Frequently Asked Questions (FAQs)

1. What is Gemini, and how does it compare to ChatGPT?

Gemini is Google’s latest AI model, and according to company sources, it outperformed ChatGPT (GPT-3.5) in extensive testing. It excelled in 30 out of 32 widely used academic benchmarks.

2. What sets Gemini apart from other AI models?

One of Gemini’s distinguishing features is its multimodal capability. It can process various types of media, including text, images, video, and audio, making it a versatile AI model.

3. What is MMLU, and why is Gemini Ultra’s performance significant in this area?

MMLU stands for Massive Multitask Language Understanding, a test that combines 57 subjects, including math, physics, history, law, medicine, and ethics. Gemini Ultra achieved a score of 90.0% on this test, surpassing human experts, which is a significant milestone.

4. When and how will Gemini be available to users?

Gemini is available in three sizes: Ultra, Pro, and Nano (for mobile devices). Google plans to make Gemini Pro accessible to enterprise customers through its Vertex AI program and developers via AI Studio. It’s expected to be available on December 13.

5. How does Gemini comprehend nuanced information, and what can it process?

Eli Collins, VP of product at DeepMind, the division of Google behind Gemini, stated that Gemini Ultra can comprehend nuanced information in text, images, audio, and code.

6. What are the concerns about data sources and consent raised in the article?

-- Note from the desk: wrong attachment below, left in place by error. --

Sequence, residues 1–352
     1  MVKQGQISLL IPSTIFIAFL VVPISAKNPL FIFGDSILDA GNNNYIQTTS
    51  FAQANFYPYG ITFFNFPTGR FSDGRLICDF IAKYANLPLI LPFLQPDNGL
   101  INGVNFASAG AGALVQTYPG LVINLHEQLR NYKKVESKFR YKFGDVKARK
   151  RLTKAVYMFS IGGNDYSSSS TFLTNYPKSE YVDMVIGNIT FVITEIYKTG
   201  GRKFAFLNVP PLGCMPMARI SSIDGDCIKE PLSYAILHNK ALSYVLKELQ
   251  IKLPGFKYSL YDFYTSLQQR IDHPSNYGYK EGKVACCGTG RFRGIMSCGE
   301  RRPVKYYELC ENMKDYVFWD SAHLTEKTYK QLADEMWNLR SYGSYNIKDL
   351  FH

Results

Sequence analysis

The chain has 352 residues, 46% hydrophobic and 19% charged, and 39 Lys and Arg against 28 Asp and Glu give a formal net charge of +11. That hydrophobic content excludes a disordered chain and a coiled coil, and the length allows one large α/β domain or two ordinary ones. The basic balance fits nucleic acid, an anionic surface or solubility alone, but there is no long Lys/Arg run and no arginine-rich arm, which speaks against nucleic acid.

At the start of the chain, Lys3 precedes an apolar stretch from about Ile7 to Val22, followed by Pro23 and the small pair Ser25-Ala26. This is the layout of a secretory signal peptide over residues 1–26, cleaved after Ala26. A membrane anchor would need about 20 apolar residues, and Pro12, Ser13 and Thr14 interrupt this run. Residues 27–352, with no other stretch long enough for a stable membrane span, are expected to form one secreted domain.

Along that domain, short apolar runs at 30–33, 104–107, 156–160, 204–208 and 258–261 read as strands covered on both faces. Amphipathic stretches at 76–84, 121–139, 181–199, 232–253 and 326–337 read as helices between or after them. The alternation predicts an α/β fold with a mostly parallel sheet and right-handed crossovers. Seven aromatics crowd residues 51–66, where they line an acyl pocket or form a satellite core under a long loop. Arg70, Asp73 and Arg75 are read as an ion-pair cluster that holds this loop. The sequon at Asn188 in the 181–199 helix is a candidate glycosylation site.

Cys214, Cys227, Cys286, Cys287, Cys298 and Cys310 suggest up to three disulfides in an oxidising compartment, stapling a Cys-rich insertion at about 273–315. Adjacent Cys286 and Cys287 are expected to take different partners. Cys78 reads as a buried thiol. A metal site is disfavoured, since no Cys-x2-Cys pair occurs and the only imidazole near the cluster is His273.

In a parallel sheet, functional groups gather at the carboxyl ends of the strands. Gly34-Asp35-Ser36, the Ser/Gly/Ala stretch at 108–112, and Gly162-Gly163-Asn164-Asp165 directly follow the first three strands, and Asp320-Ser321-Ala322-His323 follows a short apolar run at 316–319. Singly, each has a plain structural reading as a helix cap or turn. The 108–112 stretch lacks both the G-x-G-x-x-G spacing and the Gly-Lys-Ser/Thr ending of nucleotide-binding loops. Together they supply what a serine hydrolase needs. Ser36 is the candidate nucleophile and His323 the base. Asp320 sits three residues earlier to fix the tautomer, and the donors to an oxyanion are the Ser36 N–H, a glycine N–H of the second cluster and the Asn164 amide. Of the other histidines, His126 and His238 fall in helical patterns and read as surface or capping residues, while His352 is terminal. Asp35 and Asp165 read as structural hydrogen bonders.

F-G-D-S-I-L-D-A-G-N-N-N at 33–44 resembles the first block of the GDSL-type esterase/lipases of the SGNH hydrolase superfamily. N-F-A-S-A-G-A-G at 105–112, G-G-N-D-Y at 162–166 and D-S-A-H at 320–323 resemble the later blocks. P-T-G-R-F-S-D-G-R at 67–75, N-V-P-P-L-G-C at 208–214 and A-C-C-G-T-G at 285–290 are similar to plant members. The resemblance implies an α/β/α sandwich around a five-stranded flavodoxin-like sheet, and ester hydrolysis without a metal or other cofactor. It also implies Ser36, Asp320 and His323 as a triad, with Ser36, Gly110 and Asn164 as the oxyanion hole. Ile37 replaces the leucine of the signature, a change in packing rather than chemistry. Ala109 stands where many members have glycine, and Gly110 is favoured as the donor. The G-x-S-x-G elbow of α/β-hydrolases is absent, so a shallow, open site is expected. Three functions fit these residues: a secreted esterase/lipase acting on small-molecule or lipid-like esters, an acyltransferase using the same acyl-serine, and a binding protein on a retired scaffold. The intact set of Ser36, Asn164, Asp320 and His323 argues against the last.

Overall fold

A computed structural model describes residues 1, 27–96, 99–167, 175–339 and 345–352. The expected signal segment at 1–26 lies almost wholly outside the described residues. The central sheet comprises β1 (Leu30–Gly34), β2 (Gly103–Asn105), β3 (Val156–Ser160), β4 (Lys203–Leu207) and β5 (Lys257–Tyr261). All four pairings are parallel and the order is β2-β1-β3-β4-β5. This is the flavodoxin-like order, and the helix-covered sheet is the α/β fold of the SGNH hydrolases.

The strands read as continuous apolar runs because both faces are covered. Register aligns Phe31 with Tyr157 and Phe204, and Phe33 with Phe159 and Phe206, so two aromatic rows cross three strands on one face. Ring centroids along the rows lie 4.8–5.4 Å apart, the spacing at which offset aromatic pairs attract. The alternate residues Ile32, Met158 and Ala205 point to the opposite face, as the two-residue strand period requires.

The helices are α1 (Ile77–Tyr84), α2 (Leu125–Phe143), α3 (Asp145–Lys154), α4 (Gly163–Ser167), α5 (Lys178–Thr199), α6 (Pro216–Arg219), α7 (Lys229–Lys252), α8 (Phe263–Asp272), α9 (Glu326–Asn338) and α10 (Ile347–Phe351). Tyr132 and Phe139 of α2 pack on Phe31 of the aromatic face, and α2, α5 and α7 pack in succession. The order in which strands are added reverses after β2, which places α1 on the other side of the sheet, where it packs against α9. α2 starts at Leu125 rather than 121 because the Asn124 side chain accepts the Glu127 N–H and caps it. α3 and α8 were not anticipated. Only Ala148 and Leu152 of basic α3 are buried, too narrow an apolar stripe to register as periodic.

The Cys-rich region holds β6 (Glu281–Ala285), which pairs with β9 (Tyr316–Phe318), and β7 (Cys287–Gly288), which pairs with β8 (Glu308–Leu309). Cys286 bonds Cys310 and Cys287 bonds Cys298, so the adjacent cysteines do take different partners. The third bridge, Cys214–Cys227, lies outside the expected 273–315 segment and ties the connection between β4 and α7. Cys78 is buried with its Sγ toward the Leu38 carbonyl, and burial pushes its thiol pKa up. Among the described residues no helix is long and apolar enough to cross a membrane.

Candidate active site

The article raises concerns about the sources of data used to train AI models like Gemini and the lack of explicit consent from content creators whose work contributes to the training data. It discusses the challenges related to using copyrighted material without permission and compensation.

7. What is the fair use doctrine, and how does it relate to AI models like Gemini and ChatGPT?

The fair use doctrine, as mentioned in the article, allows limited use of copyrighted works, such as quotes, for purposes like commentary, criticism, news reporting, and scholarly reports. However, the challenge for AI models like Gemini and ChatGPT is that they use entire bodies of work without explicit permission or compensation to content creators.

8. Are there legal actions mentioned in the article related to the use of copyrighted material in AI models?

Yes, the article mentions legal actions taken by content creators, including famous authors like John Grisham and George R.R. Martin, who are suing OpenAI for alleged “systemic theft on a mass scale” related to the use of their copyrighted material in AI training.

9. What is the article’s stance on the ethical and legal aspects of using copyrighted material in AI development?

The article highlights the growing importance of obtaining consent and fairly compensating content creators whose works are used to train AI models, raising ethical and legal questions about the practice.

10. How can individuals or organizations stay informed about developments in AI and related legal issues?

To stay informed about AI developments and legal issues, it is advisable to follow news sources, legal updates, and official statements from AI developers and organizations involved in AI research and development.